There are two sorts of columnists worth reading. One is the expert — someone like Robert Christgau of the Village Voice, a guy who’s breathed music for 30 years and knows more about the subject than Billboard does. The other kind is simply fascinating — someone like Lewis Lapham of Harper’s Magazine, who can make a connection between Louis XIV’s court and Reagan’s cabinet one month and write on cultural commodification the next.
Bill Bryson, the author of the set of columns collected in “I’m a Stranger Here Myself,” is neither fascinating nor an expert. He’s an American who wrote travel books and newspapered in England for 20 years before returning to New Hampshire with his wife and family in 1996. He’s also the author of the 1998 bestseller “A Walk in the Woods,” a travel diary that details his aborted attempts to hike the entire length of the Appalachian Trail.
The best parts of “A Walk in the Woods” worked because not much happened along the trail; in order to fill in the holes, Bryson became something of an expert, studying and researching people, flora, fauna, history and park politics. There’s none of that rigor in “I’m a Stranger Here Myself,” a coattail collection of columns, originally written for the British magazine Night & Day, that examine the minutiae of American life in neat four-page chunks. In one piece the subject is a small-town post office on customer-appreciation day; in another it’s the tedium of highway driving. Nostalgia accounts for several essays about motels, drive-in theaters, small-town living and the beauty of Thanksgiving.
An editor of mine once told me that any writer you give a column to sooner or later ends up writing about television; he believed that writers are lazy people who would rather turn on the idiot box than get out of their bathrobes and report. Bryson starts writing about television in his third column. (He misses coming home drunk in England and watching lectures on “Open University.”) That column sets up a trap that he falls into for the rest of his book: Almost all of his subjects come to him. An article in the Atlantic Monthly becomes a column about the ludicrous drug war; a box of dental floss works itself into a confused meditation on consumer warnings and born worriers; a catalog prompts a thousand words on shopping. His laziness is contagious: If you read several columns in one sitting, you get to the point where you start skipping over weak leads (“The other day something in our local newspaper caught my eye”; “I decided to clean out the refrigerator the other day”).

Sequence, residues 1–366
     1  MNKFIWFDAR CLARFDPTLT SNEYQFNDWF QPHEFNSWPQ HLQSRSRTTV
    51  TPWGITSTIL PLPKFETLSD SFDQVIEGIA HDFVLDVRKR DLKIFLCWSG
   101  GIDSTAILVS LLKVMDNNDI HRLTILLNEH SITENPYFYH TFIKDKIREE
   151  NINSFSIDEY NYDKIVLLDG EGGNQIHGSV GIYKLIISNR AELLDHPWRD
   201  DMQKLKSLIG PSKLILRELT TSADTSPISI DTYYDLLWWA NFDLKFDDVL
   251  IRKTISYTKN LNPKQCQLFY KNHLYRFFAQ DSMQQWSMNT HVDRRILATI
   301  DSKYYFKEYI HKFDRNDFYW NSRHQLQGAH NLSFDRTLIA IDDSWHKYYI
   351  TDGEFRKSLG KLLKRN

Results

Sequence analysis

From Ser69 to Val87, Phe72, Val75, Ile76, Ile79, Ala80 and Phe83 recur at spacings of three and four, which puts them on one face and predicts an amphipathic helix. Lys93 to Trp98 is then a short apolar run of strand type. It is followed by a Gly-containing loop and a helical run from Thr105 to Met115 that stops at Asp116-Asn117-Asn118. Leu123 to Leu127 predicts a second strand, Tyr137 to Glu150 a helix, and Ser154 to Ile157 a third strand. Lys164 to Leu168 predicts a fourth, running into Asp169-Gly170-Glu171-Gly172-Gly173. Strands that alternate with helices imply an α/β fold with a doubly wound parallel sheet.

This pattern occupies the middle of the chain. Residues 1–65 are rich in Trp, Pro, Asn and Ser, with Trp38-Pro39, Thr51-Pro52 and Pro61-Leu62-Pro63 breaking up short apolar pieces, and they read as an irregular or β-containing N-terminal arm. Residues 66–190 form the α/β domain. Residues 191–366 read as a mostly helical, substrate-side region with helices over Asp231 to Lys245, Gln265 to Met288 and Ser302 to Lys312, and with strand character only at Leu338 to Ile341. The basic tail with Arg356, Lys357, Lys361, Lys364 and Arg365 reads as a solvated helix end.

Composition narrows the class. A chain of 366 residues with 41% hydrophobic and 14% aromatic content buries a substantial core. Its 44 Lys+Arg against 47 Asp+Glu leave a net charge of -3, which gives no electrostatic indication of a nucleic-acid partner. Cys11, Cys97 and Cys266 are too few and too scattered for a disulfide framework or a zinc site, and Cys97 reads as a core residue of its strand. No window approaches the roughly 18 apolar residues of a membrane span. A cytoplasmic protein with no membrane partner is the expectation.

Bryson tries to make up for his reportorial torpor with jokes, as if he thinks we’re more likely to enjoy a few strung-together paragraphs about barbershops if there’s a zinger about Wayne Newton’s hair at the end. He also relies on several crutches to get him through his weekly deadlines. Having returned to the States, he trades in the English smirk at absurdity for cudgeling exaggerations — “help the National Rifle Association with its Arm-a-Toddler campaign” — and he wraps almost every piece with a tacked-on paragraph that riffs on an earlier joke.
To be fair, he’s occasionally funny. (In a story about snowmobiling: “The next thing I knew I was on the edge of the New Hampshire woods, wearing a snug, heavy helmet that robbed me of all my senses except terror.”) And in a few columns — one on sending his son off to school, another about why autumn leaves change colors — he actually invests either himself or his resources enough to give the work emotional or intellectual ballast.
Those moments are dismally few. When Bryson’s editor at Night & Day persuaded him to write a column on American life for a British audience, he probably imagined something like Alexis de Tocqueville channeled through Dave Barry. What he got instead was the observational humor of a second-rate Seinfeld leafing through the mail in his bathrobe.